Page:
We are pleased to report that both of our decommissioning sites, Oyster Creek in Lacey Township, NJ and Pilgrim in Plymouth, Massachusetts, are setting new levels of excellence in every relevant metric of performance as they drive forward with safe and efficient deconstruction of the shuttered nuclear plants.
Oyster Creek, under Site Vice President Jeff Dostal, has begun the crucially important task of reactor vessel segmentation, with GE Hitachi serving as the contractor and Nuclear Consultants International (NCI), an autonomous company tasked with the oversight authority of all safety-significant activities. Several adjunct buildings have been demolished and transformers on site are being deconstructed and removed, all to improve the station’s security profile. As buildings are being taken down, much of the furnishings and materials within them are being donated to area nonprofit organizations, schools and other civic groups. Planning is underway for de-fueling the spent fuel pool in 2021.
Oyster Creek Decommissioning Site: Reactor Containment Shield Piece Lowered Through Equipment Hatch (left); Reactor Containment Shield Staged for Cutting (right)
Shortly after Oyster Creek, Pilgrim began decommissioning activities under Site Vice President, John Moylan. The demolition of legacy structures to maintain commitments to the local community, construction of a new HI-STORM storage facility for the used nuclear fuel, containment vessel head segmentation and removal to assist the upcoming fuel loading campaign, and controlled evaporation of tens of thousands of gallons of unneeded water inventory are among the recent notable achievements of the Pilgrim Team.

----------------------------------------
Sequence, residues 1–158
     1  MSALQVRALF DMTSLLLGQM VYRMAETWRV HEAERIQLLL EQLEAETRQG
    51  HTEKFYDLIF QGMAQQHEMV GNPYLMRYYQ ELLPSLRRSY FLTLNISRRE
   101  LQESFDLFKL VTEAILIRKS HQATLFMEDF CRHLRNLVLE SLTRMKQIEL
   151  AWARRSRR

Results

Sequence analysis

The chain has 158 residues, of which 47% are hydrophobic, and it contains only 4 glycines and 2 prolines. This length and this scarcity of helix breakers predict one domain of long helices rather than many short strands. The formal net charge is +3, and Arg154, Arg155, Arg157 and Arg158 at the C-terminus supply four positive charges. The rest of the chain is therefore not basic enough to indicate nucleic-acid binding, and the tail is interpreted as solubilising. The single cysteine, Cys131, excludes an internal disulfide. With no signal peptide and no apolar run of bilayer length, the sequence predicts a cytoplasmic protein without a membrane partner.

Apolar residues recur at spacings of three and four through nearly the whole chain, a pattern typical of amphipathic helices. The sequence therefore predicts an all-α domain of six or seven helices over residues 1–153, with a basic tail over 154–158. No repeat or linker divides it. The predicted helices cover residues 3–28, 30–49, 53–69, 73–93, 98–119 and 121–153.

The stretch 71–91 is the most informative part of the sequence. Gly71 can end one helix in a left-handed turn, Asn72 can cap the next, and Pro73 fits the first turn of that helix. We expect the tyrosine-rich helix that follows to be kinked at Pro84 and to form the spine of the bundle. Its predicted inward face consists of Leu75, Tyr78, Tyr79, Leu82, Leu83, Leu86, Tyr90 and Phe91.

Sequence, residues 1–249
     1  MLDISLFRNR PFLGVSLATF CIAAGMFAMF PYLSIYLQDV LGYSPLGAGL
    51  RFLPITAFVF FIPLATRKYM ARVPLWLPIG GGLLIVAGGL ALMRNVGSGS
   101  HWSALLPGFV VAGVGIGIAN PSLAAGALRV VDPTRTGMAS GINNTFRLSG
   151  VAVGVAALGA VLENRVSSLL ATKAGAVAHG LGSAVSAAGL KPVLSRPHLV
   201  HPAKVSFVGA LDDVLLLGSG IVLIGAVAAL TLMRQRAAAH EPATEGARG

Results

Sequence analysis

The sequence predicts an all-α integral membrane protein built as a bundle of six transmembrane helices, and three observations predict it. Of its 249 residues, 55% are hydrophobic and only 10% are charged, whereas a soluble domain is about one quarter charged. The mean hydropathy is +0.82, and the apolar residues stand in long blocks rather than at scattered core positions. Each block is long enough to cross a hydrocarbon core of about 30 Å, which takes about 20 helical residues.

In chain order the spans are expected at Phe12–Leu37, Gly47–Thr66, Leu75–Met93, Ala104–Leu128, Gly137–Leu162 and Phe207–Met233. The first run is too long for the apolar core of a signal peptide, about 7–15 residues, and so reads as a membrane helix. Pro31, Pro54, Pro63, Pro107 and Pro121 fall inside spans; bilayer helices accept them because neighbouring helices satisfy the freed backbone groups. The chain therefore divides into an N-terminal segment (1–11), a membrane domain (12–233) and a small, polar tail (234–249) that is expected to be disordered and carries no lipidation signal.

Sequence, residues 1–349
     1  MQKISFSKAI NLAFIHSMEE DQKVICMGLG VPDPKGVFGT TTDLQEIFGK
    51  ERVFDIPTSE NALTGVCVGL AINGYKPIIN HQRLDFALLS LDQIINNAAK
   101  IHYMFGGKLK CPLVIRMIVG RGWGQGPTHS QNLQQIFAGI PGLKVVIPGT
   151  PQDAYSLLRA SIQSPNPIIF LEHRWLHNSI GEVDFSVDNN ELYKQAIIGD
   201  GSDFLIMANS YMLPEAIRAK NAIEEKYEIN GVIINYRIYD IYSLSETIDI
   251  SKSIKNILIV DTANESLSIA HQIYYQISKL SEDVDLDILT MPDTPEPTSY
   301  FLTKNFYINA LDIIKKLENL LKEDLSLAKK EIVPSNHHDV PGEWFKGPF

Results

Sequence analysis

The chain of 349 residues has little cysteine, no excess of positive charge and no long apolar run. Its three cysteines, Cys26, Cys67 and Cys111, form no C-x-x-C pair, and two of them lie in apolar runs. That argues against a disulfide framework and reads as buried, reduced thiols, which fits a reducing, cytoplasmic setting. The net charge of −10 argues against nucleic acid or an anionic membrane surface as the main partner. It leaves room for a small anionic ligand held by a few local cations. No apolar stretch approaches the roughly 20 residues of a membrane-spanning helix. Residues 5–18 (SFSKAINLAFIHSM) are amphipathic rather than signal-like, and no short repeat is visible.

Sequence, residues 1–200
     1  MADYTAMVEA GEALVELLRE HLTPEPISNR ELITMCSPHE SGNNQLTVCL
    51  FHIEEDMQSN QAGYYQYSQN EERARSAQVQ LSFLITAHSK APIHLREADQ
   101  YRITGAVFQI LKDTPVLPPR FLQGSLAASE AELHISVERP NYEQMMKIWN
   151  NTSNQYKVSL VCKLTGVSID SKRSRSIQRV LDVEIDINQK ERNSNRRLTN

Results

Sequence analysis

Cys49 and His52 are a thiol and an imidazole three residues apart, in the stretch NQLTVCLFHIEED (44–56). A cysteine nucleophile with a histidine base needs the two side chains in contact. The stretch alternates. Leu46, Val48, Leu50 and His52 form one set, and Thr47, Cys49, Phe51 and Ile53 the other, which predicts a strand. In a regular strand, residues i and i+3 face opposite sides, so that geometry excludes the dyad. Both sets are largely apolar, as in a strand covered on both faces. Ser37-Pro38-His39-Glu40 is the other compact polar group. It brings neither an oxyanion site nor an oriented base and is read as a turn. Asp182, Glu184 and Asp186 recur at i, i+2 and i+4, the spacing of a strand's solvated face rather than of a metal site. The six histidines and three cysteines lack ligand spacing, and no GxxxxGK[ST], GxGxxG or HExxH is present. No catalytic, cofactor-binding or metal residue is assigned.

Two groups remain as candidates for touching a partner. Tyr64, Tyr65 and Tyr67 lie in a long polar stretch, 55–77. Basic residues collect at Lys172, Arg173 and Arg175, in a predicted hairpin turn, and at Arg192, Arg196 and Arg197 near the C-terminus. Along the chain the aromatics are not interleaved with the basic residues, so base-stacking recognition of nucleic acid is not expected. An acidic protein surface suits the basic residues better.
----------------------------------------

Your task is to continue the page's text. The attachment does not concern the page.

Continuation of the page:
Pilgrim Decommissioning Site: Reactor Containment Shield Cut in Preparation of Demolition (left); Independent Spent Fuel Storage (ISFSI) Pad Construction (right)
Both decommissioning sites have passed U.S. Nuclear Regulatory Commission (NRC) inspections with flying colors and have earned kudos from NCI. “We are delighted to be excelling at every metric of performance at both sites, namely personnel safety, control of contamination, dose minimization and environmental protection. We are doing all of this safely and within the budget submitted to the NRC,” says Mr. Kelly Trice, President of Comprehensive Decommissioning International (CDI).
Pam Cowan, Chief Operating Officer of Holtec Decommissioning International (HDI), the NRC license holder, projects an equally positive outlook, claiming, “Our superb site security performance, experienced personnel, continuous community engagement and rigorous license compliance are deepening the confidence of our stakeholders, which includes the local communities and governmental authorities.”
“We commit to keeping local residents informed as we navigate the successful phases of our Decommissioning Program, earning their trust as an honest and truthful communicator. We are committed to keeping our decommissioning activities fully transparent at all times and sharing them with our host communities. Educating the local residents and policy makers in the art and science of decommissioning is a high priority for us. The dictionary of FAQs presented on our website is a step in that direction,” offers Joy Russell, Holtec’s Chief Communications Officer.